Meanwhile, protests by farmers and labourers are on the rise. Farmers have been shot dead, as in Madhya Pradesh. Derided or cheated in agreements, as in Maharashtra. And devastated by demonetisation, as in just about everywhere. Anger and pain are mounting in the countryside. And not just among farmers but amongst labourers who find the MNREGA being dismantled by design. Amongst fisherfolk, forest communities, artisans, exploited anganwadi workers. Amongst those who send their children to government schools, only to find the state itself killing its own schools. Also, small government employees and transport and public sector workers whose jobs are on the anvil.
And the crisis of the rural is no longer confined to the rural. Studies suggest an absolute decline in employment in the country between 2013-14 and 2015-16.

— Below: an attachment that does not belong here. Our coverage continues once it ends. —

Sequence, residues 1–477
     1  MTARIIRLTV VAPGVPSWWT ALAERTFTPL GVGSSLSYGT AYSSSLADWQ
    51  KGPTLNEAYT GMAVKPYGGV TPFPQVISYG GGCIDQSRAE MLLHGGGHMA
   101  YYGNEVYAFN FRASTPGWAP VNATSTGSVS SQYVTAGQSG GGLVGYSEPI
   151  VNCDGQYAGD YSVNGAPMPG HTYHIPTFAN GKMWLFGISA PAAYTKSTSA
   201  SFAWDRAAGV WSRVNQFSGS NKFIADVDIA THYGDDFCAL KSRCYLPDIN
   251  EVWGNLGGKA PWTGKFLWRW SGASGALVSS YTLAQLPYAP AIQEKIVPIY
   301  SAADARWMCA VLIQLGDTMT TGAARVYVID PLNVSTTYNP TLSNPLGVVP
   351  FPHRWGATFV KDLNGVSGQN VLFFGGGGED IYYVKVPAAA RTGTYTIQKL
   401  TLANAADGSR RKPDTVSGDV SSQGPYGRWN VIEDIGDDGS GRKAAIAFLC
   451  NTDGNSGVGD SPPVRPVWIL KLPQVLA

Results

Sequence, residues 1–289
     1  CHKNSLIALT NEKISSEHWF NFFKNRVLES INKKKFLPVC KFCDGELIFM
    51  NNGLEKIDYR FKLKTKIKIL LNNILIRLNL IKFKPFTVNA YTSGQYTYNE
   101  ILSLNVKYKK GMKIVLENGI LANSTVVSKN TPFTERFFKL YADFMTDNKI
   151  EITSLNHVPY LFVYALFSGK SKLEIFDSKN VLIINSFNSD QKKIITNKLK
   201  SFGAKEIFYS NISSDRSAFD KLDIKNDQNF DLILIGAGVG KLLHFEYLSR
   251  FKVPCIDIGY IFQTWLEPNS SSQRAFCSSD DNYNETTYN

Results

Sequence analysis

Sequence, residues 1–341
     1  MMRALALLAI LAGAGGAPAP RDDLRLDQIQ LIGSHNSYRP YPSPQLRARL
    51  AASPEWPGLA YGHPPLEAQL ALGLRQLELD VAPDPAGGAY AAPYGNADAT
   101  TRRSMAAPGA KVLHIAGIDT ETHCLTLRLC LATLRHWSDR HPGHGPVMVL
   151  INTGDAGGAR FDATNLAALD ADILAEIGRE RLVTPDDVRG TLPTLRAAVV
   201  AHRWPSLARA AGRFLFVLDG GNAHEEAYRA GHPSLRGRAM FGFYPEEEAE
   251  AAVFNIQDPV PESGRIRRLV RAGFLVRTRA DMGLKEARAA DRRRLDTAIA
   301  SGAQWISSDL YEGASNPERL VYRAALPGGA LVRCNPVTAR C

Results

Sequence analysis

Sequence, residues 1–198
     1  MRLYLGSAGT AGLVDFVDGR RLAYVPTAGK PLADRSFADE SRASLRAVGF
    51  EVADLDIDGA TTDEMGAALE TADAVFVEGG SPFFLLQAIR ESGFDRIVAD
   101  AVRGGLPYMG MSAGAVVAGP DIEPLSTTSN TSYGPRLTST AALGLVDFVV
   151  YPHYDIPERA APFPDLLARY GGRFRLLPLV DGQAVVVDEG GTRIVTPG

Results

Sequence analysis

The 2011 Census signalled perhaps the greatest distress-driven migrations we’ve seen in independent India. And millions of poor fleeing the collapse of their livelihoods have moved out to other villages, rural towns, urban agglomerations, big cities – in search of jobs that are not there. Census 2011 logs nearly 15 million fewer farmers (‘main cultivators’) than there were in 1991. And you now find many once-proud food-producers working as domestic servants. The poor are now up for exploitation by both urban and rural elites.
The government tries its best not to listen. It’s the same with the news media.